Bhutan is investing in everything from bitcoin mining to drone technology as the tiny Himalayan kingdom turns to new era ventures in search of rapid growth and returns.
Druk Holding & Investments, the state-owned commercial holding company, will start offering investors this month to raise up to $500 million for a crypto-mining venture after partnering with Singaporean group Bitdeer, one of the largest bitcoin miners in the world.
Bhutan’s bet on crypto, which follows that of other countries like El Salvador and the Central African Republic, comes despite sellouts, contagion and scandals that have rocked the sector. The isolated country of 800,000 only allowed television and the internet in 1999 and is known for its measure of Gross National Happiness, which seeks to prioritize well-being above economic growth.
Ujjwal Deep Dahal, chief executive of DHI, said the technology push would help accelerate innovation in the largely rural economy. DHI is also in the early stages of a drone deployment project in the electricity sector and in February launched a biometric digital identity system.
DHI “is focused on the next generation of industries,” he said. These technologies would “provide platforms to solve problems and would also provide platforms to create an industry and create a diverse portfolio of investments for us”.
DHI’s core portfolio, which had assets of approximately $3 billion in 2021, consists of Bhutan’s leading telecommunications, power and aviation companies, among others.
Together with Bitdeer, it will approach international institutional investors for funding. Bitdeer said it plans to build a 100 megawatt crypto-mining data center in the country.
Mountainous Bhutan has abundant sources of hydroelectric power, a crucial industry in the country. The companies say hydroelectricity provides an easy, renewable source of electricity for bitcoin mining, an energy-intensive process in which computers solve mathematical problems to create new coins.
Long an absolute monarchy, Bhutan adopted a democratic constitution in 2008 and has recorded an average annual growth of 7.5% since the 1980s, according to the World Bank. The country, which depends on trade with neighboring India, is also one of the few carbon-negative countries in the world, meaning it absorbs more carbon from the atmosphere than it releases. High-end tourism is a major source of revenue, with visitors being charged a tax of $200 per day.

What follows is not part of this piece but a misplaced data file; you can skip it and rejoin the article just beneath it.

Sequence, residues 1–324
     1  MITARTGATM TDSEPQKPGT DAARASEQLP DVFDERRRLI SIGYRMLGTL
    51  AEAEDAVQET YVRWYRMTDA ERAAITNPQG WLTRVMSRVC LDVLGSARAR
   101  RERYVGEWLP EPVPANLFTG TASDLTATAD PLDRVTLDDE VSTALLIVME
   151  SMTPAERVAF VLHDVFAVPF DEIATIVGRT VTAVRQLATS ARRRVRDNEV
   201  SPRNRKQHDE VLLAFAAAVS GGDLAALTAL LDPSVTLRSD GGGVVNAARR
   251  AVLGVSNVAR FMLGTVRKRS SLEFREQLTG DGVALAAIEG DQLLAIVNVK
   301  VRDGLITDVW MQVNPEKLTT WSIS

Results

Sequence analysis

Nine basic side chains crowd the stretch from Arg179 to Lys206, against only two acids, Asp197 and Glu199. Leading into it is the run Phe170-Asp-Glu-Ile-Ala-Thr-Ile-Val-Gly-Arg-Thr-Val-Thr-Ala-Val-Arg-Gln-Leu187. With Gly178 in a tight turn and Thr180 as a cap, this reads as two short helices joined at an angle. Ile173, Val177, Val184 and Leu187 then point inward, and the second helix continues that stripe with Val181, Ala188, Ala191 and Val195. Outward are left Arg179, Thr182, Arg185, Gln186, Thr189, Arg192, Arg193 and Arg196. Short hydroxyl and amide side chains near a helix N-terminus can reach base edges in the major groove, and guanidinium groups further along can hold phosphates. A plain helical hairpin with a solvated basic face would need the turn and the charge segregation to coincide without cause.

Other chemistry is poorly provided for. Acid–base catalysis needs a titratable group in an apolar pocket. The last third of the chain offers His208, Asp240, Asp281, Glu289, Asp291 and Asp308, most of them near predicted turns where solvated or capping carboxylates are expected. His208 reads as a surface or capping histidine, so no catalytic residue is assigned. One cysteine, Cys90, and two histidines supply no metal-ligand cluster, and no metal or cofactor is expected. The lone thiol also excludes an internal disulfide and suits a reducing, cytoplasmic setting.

Jaran Mellerud, a Norway-based analyst at mining data provider Bitcoin Hashrate Index, said bitcoin mining could help Bhutan diversify revenue from hydropower, most of which is exported to India.
Bhutan could become “the largest bitcoin miner per capita in the world”, he said.
But he expected the country would struggle to raise $500 million given the turmoil in the industry. “In 2021, every week a miner was raising $50 million, $100 million,” Mellerud said. “Now it matters if a miner is able to raise $50 million . . . So $500 million in a bear market for a bitcoin mining operation? I think that’s a bit too much.”
Both companies have been exposed to turmoil in crypto. Bitdeer suffered heavy losses last year and its Nasdaq-listed shares are down about a third since listing via a special purpose acquisition vehicle last month. Forbes reported last month that DHI held tens of millions of cryptocurrencies with bankrupt lenders BlockFi and Celsius, although DHI denied losing any money in the transactions.
Dahal argued that mining was the safest part of the industry. “We largely stick to the mining sector which seems to be the least risky vertical.”
Mellerud warned that miners were “extremely affected” by the crypto bear market, nonetheless.
DHI is also piloting a project to use drones to inspect and maintain the country’s electricity sector infrastructure. DHI announced last year that it was in talks with Japanese drone company Sora to develop the technology and even manufacture it in the country. “Because we’re in very hilly terrain, the drones have trouble flying,” Dahal said. “So it’s a very interesting space for drone researchers to test at 4,000 meters.”